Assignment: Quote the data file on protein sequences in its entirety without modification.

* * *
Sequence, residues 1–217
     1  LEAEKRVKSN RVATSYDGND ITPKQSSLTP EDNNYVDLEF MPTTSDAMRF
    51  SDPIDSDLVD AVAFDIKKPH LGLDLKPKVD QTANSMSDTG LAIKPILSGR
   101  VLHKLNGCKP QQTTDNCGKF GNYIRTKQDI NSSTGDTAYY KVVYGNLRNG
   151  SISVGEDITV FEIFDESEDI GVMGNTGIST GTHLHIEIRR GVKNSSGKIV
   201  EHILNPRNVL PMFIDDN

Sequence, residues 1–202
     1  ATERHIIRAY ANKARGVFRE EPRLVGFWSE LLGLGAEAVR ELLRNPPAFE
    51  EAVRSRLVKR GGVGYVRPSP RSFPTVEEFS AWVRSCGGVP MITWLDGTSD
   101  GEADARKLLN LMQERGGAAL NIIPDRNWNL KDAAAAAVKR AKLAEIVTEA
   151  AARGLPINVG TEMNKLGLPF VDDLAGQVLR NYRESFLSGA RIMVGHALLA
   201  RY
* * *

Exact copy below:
Sequence, residues 1–217
     1  LEAEKRVKSN RVATSYDGND ITPKQSSLTP EDNNYVDLEF MPTTSDAMRF
    51  SDPIDSDLVD AVAFDIKKPH LGLDLKPKVD QTANSMSDTG LAIKPILSGR
   101  VLHKLNGCKP QQTTDNCGKF GNYIRTKQDI NSSTGDTAYY KVVYGNLRNG
   151  SISVGEDITV FEIFDESEDI GVMGNTGIST GTHLHIEIRR GVKNSSGKIV
   201  EHILNPRNVL PMFIDDN

Sequence, residues 1–202
     1  ATERHIIRAY ANKARGVFRE EPRLVGFWSE LLGLGAEAVR ELLRNPPAFE
    51  EAVRSRLVKR GGVGYVRPSP RSFPTVEEFS AWVRSCGGVP MITWLDGTSD
   101  GEADARKLLN LMQERGGAAL NIIPDRNWNL KDAAAAAVKR AKLAEIVTEA
   151  AARGLPINVG TEMNKLGLPF VDDLAGQVLR NYRESFLSGA RIMVGHALLA
   201  RY